Often, when we focus on our cities we fixate on development and on numbers: how high, how dense, how many trips generated etc. etc. And it’s important, those numbers are the starting point of a good conversation, but they are only a starting point.

When we talk about economic development, we often talk about incentives and “big game” hunting…how do we get the giant corporate headquarters to come to town? But the best economic development we can do is to invest in people. It’s called human capital.

We teach to the test in this state and in many others. But how do we develop children with zest, social intelligence, gratitude, optimism, self-control, curiosity and grit?
That’s the conversation we should be having as a society.

Read the book, it’s compelling.

http://www.paultough.com/the-books/how-children-succeed/

 

Charleston Part II: Going to the Mountain Top

Mayor Joe Riley is finishing his 10th and final term.

Mayor Joe Riley is finishing his 10th and final term.

If you love cities, going to see Joe Riley is like watching LeBron James play ball.
He’s just the best. So when you have a chance to see him and hear him speak about building a great city you drop everything and you go. Especially when your invited to share your story with a national audience. I never miss a chance to promote Delray.
After 40 years as mayor of Charleston, one of America’s great cities, Mayor Riley is calling it a career. And what a career it has been.

At 72,  Mayor Riley is sharp and vigorous and there’s more to do (there’s always more when your a mayor who matters) but he’s decided to move on after having shaped, preserved and grown his city for 10 terms. He’s also influenced several generations of Mayors and place makers worldwide.
Charleston is a magical place, imbued with history and character. It’s Main Street, Kings Street, defies all planning logic: its one-way, doesn’t have the widest sidewalks, it’s pavement pocked. But it works, even though some bemoan the presence of a ton of national retailers where independents once operated.
Mayor Riley spent a lifetime shaping modern day Charleston by preserving the past but carefully ensuring that his city would not be a museum piece. Change happens whether we like it or not or as Riley memorably puts it: “the only human that likes change is an infant wearing a diaper.”

Still, he believes that mayors are the primary sales people and architects of their cities and they need to be both every day. And so for 40 years he has sold and promoted Charleston and then shaped the growth he has attracted with a design ethic that has made him a legend.
Every piece of public infrastructure in Charleston is thought out and made beautiful like the Romans used to do. So you will see interesting pump stations, granite sidewalks and beautiful architecture when you visit his city.
All of this costs more, sometimes a whole lot more,  but Riley is a believer in the public realm and Charlestonians have been eager to help him via generous donations over the years.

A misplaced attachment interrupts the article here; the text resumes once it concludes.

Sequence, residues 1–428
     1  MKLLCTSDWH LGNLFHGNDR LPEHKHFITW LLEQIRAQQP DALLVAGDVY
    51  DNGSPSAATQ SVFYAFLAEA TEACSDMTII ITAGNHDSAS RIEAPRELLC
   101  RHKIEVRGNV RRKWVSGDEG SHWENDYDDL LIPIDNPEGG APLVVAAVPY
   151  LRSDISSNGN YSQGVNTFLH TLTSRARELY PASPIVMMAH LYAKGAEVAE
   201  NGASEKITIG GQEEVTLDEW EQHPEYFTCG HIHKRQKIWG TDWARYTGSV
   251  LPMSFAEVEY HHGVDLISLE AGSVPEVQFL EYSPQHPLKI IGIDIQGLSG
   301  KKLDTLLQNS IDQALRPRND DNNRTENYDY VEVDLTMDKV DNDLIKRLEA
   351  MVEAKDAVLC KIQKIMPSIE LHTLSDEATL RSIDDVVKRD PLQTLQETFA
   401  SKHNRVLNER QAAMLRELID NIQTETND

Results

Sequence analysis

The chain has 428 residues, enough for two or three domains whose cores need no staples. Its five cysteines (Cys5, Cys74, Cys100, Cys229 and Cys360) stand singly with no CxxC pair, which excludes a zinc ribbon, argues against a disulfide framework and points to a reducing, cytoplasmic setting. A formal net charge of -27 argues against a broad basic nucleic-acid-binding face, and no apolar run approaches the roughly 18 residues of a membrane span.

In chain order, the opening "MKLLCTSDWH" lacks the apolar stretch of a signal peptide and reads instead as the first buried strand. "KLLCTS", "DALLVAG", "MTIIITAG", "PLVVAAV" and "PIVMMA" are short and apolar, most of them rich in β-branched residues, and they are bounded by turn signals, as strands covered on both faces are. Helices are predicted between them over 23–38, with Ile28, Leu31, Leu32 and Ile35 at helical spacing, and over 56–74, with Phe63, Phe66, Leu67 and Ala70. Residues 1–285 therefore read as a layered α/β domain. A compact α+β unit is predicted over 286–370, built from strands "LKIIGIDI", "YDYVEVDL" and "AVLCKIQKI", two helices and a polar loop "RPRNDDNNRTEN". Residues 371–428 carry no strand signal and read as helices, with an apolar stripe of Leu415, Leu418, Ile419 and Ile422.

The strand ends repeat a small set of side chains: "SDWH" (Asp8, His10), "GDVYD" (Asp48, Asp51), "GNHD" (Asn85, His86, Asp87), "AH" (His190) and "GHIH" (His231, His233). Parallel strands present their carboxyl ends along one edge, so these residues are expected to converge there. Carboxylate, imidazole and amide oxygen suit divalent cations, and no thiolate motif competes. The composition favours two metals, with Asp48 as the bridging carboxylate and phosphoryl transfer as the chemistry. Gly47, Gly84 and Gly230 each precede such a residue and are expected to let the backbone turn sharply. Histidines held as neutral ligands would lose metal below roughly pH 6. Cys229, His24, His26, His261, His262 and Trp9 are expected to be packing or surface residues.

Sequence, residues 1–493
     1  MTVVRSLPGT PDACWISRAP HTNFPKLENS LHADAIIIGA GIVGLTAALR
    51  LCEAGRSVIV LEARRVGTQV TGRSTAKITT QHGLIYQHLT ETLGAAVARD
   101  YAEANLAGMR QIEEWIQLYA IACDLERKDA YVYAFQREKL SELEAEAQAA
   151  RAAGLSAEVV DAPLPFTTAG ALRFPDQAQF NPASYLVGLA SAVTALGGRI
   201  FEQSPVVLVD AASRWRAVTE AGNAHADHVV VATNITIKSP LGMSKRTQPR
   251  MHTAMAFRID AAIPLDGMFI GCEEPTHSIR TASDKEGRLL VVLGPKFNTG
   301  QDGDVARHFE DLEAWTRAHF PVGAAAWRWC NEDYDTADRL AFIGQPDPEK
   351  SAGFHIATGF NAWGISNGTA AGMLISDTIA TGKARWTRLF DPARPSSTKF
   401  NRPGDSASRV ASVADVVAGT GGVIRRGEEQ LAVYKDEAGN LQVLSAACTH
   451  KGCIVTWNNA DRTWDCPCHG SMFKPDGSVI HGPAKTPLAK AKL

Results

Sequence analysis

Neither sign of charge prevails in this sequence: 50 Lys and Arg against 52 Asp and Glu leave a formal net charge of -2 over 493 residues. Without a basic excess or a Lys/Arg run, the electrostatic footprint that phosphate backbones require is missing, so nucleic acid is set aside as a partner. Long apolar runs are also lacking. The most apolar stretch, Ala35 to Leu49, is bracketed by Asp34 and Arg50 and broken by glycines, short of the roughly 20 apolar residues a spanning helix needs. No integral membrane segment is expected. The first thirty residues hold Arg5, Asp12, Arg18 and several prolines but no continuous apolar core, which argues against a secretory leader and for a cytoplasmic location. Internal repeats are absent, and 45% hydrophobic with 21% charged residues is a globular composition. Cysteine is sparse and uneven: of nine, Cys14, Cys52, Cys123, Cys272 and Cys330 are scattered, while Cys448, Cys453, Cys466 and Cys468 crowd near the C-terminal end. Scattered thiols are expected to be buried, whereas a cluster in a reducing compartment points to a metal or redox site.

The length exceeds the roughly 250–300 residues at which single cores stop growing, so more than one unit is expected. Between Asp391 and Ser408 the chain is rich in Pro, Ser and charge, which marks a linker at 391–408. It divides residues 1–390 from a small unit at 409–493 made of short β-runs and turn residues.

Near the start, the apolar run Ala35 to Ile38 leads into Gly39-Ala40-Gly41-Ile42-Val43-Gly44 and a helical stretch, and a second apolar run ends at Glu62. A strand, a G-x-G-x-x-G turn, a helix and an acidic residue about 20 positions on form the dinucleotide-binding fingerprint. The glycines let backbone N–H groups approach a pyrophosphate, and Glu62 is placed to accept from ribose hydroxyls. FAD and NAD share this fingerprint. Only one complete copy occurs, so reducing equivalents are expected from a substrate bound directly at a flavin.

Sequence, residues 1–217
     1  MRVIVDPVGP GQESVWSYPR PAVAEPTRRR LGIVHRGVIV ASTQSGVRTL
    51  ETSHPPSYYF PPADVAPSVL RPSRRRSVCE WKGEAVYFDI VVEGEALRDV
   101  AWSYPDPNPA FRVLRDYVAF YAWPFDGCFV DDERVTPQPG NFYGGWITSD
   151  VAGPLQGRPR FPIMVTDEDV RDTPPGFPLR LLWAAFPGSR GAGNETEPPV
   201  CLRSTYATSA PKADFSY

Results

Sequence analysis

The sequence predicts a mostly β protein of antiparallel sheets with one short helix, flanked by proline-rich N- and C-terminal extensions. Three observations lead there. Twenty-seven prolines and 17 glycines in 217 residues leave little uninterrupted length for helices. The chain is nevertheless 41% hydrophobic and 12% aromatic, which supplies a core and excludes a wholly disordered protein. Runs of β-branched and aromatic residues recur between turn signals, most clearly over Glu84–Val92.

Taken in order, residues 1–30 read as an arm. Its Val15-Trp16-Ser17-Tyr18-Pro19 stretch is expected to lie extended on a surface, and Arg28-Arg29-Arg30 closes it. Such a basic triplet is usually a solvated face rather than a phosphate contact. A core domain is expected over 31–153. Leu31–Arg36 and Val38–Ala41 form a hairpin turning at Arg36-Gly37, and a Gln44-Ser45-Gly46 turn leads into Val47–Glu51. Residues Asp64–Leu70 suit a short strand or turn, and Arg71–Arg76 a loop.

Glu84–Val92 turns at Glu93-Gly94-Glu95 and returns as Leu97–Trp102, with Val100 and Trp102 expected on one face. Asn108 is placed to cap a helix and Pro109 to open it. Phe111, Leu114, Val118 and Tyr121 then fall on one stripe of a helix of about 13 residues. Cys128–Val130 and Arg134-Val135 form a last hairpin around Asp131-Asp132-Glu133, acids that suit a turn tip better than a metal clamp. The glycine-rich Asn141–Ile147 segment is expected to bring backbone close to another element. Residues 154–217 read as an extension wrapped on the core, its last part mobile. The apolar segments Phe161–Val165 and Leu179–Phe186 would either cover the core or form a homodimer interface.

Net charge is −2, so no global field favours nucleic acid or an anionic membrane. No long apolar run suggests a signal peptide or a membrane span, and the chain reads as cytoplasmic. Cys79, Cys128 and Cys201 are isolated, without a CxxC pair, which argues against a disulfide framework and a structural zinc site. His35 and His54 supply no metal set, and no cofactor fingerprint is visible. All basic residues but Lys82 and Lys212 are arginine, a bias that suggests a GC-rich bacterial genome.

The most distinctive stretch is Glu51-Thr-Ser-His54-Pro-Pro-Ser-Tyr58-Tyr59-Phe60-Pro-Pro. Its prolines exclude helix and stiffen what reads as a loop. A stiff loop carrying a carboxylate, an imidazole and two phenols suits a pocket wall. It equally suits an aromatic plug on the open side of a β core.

“The public realm belongs to every one. So the poorest person owns the city park as much as the richest person in town does. When you invest in the public infrastructure of a city everybody feels like they have a stake.”
The Riley Symposium, hosted by ULI at the College of Charleston was a chance for real estate professionals, architects, developers, planners and others to celebrate Riley’s legacy.
Delray Beach was selected to participate because we have a unique success story and have used innovative strategies, financing and policies to revitalize our urban core.
It was an honor to be selected and it’s a privilege to share the story with other communities and professionals seeking to move the needle in their towns.
I often feel that we don’t fully appreciate the place we live. It’s special and people from across the country recognize it. That bears repeating: Delray is special and people know it.
Mayor Riley told the symposium that Charleston exists for its citizens and businesses but also welcomes and values visitors.
“When you create a special place people want to come and experience that place,” he said. “It’s a challenge to manage but you must strike a balance.”
Charlestonians–at least the small sampling I met–have an enormous amount of pride in their city as they should. They debate events, development, business mix and affordable housing with gusto but also with a sense of pride. They know they live in a special place.

So do we.

 

Senior Vice President and Chief Transactional Officer Joins SoundHealth

Allen F. Campbell, JD, has joined SoundHealth, a Boca Raton-based medical innovation agency, as Senior Vice President and Chief Transactional Officer.

An attorney and biotech entrepreneur, Campbell brings invaluable expertise to the SoundHealth executive team, according to Michael Miller, founder of SoundHealth.

“It is indeed a pleasure to welcome Allen to the SoundHealth team,” said Miller. “He has a successful and exemplary track record of legal and business structuring for a wide range of medical and biotech projects.”